Last week I spent a good amount of my time understanding some trivial Hindu-Muslim divisionary debates in the country. It seemed as if a Mohalla cricket match was taking place, and each one was supposed to pick up a side to hoot opponents or cheer their favourites.
It started with some ongoing narratives that have long played a divisionary role in dividing Hindus and Muslims in India. Some versions remain half-baked, concocted, or misinformed, yet several influential people jumped the fence across the globe, taking sides. The Indian Muslims were portrayed as victims who needed urgent solidarity globally in their last stage. Only what remained unclear was what that support meant to achieve?
When the country debated Halal and Hijab matters, the All India Muslim Personal Law Board (AIMPLB) released a video message for Indian Muslims. However, both the issues are being heard in Indian courts. Secretary Maulana Janab Khalid Saifullah Rahmani said, “Muslims in India lived in more pressing times than in 1857 or 1947.” In his statement, Maulana Rahmani asked Muslims not to fall prey to communal forces and get incited.
Firstly, the statement is historically faulty. It was not Hindus or Muslims who were dealt with during the 1857 uprising when the last Mughal emperor Bahadur Shah Zafar – the leader of the Indian side, lost to the British. Secondly, in 1947, the Hindu and Muslim divide was one of its worst. Yet, leaders of that time weaved the idea of a secular India. The history of both incidents is immensely gory and disturbing. It is a shared history and equally painful. Scholars still figure out that the Indian poor and the disadvantaged from all communities were equally affected from all sides. The impact of the bloodshed then actually unified a battered nation that we call India today.
The Muslim scholars of today should refrain from further adding fuel to the fire that was extinguished long back. These statements incite hate, instil fear in the community, and are not in community service. AIMPLB is a non-government body; whether truly representational of Muslims of India or not is another matter, but it must play a larger role in bridging divisions. Fueling people’s baser instincts cause more harm than any good to the people and the nation.
As if the AIMPLB statement was not enough, in another video Al-Qaeda chief Ayman Al Zawahiri from an unknown location jumped into the Karnataka Hijab controversy and displayed his love for the young Muslim girl by shouting Allah hu Akbar. It is surprising to see a prominent member of a terror outfit, who, for their own stringent beliefs against women’s rights to education, suddenly have all the good words for a woman of another country. Shouldn’t Indian Muslim women think twice about what would have happened if a woman had acted in the same manner in the Taliban regime? Sensing the gravity of the situation, the girl’s father distanced himself from Zawahiri’s out-of-turn support for Indian Muslims.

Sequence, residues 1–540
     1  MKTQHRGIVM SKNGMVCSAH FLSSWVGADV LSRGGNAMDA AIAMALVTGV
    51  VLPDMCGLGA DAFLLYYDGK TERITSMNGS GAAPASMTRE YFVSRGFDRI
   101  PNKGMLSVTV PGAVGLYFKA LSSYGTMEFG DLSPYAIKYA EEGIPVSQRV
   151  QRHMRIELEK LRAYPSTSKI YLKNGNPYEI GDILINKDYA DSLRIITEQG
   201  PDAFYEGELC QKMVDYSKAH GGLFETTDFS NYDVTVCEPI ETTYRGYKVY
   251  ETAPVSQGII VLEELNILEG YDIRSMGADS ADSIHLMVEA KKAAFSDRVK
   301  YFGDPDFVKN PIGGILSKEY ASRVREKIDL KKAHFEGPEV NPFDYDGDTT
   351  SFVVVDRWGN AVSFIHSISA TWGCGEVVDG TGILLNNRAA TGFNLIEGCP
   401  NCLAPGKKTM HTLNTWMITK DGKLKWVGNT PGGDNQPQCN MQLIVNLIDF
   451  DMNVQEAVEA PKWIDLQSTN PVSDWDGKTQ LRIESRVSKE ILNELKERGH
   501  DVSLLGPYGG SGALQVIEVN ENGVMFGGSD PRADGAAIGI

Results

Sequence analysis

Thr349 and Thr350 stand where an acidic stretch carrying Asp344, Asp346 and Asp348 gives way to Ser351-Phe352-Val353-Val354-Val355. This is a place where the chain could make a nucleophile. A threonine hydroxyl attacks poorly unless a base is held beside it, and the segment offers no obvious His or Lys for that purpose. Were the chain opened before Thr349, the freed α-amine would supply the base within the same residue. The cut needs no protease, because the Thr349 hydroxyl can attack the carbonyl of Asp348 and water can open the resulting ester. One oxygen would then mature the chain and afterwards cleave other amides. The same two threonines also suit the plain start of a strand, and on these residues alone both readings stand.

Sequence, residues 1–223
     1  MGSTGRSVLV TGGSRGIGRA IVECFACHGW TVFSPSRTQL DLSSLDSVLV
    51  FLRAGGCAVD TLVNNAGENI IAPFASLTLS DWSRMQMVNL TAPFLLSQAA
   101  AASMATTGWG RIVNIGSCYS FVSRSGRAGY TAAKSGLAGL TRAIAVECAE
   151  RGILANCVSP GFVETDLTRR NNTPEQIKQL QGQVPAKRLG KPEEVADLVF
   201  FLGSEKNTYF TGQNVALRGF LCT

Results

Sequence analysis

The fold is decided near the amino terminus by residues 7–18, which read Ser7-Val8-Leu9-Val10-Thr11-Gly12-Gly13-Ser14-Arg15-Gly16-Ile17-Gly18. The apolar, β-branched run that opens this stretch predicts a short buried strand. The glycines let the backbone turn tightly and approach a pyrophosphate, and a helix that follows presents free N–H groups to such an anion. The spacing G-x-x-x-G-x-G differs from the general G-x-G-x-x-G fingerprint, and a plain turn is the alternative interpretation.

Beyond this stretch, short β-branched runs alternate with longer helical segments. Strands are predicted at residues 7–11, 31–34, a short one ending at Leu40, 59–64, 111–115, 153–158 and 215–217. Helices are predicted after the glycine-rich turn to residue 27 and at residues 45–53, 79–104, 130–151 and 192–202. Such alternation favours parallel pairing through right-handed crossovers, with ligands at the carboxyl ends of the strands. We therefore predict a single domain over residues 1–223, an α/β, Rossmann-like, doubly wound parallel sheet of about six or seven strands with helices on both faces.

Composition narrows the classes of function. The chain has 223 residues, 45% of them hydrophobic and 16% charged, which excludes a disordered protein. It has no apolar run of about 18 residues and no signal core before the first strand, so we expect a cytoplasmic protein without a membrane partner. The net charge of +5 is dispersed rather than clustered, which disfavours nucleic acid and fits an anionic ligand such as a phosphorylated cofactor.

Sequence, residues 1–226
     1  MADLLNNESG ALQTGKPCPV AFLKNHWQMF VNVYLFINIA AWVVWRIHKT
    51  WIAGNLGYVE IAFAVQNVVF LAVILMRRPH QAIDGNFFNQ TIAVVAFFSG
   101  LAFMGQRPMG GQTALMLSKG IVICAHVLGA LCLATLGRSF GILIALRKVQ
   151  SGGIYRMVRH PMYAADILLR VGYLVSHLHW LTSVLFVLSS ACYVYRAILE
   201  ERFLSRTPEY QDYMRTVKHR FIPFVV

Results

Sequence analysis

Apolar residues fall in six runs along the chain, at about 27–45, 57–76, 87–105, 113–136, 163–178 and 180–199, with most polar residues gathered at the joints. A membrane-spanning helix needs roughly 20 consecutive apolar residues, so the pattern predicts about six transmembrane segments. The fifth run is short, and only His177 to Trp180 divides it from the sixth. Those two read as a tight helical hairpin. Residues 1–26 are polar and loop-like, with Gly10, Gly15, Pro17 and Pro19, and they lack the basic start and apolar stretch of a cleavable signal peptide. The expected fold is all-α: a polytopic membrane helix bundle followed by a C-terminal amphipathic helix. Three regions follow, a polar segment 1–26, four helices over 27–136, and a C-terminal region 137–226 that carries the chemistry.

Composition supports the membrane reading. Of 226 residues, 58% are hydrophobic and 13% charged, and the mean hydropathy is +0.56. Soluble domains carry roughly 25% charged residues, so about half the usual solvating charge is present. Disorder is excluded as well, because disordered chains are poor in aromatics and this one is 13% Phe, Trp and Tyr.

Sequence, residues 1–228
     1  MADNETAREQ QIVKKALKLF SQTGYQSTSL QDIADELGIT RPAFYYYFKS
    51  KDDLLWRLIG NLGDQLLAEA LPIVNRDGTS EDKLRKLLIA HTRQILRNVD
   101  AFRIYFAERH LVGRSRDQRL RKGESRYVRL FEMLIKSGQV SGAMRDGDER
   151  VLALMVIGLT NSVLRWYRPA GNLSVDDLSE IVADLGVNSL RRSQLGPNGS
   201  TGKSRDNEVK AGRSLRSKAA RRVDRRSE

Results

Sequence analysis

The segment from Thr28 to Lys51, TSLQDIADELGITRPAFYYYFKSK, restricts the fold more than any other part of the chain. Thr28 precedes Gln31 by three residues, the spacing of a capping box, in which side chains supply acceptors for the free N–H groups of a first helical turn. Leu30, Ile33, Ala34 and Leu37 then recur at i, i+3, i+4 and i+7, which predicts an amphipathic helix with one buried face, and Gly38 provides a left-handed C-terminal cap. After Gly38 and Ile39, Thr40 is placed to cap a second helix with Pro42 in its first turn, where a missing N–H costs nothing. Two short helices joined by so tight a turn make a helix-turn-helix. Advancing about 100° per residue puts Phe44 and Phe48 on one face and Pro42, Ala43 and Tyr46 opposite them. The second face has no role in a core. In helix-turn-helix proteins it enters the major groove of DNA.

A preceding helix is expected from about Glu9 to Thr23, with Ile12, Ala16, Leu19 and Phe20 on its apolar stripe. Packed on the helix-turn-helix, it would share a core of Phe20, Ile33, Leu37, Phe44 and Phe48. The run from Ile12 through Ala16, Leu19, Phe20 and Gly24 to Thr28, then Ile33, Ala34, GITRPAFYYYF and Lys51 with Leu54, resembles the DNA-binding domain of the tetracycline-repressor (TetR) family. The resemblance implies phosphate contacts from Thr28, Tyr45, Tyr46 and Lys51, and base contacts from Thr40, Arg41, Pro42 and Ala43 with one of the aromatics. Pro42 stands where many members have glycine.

Also, U.S Congresswoman Ilhan Omar cited the human rights issues of Muslims in India, encouraging her government to criticize the Indian government. Her intentions must be genuine, but it is debatable whether it reflects the true story and the rightful comparisons with other nations that she mentioned.
We understand that every quarter is tangled in a conflicting tone these days, from internal politics to foreign policies. While Indians usually refrain from interfering in matters of other countries except through well-established channels, these ways of raising issues of Muslims of India does more harm than good for the community itself. For example, a prominent advocacy group in the U.S., the Indian American Muslim Council, built objectional narratives about the Indian Muslim genocide and Muslim’s otherness through their Twitter handle.
That’s why the genuineness of their intention for the well-being of Muslims in India is questionable. Social Media indeed builds narratives but has created real-life effects, which could be harmful to the unity and peace of the nation and its people. Suppose all these people, besides just the intention of India bashing, have better plans. In that case, they should focus on community resilience and development in the fields of Muslim woman’s education, employment, and wellbeing.
India is a nation of two hundred and twenty million Muslims. It is now said to be the second-largest nation for Muslims globally. Indeed, the community struggles with the basic needs of life. But then, all disadvantaged people across the country suffer from the same fate. Dividing the country on the grounds of Hindus and Muslims will only create further ill will and disharmony.
(Author is Professor and Director, Forum for Muslim Studies and Analysis (FMSA), INDIA and also Former Media Advisor, Aligarh Muslim University. He may be contacted [email protected] )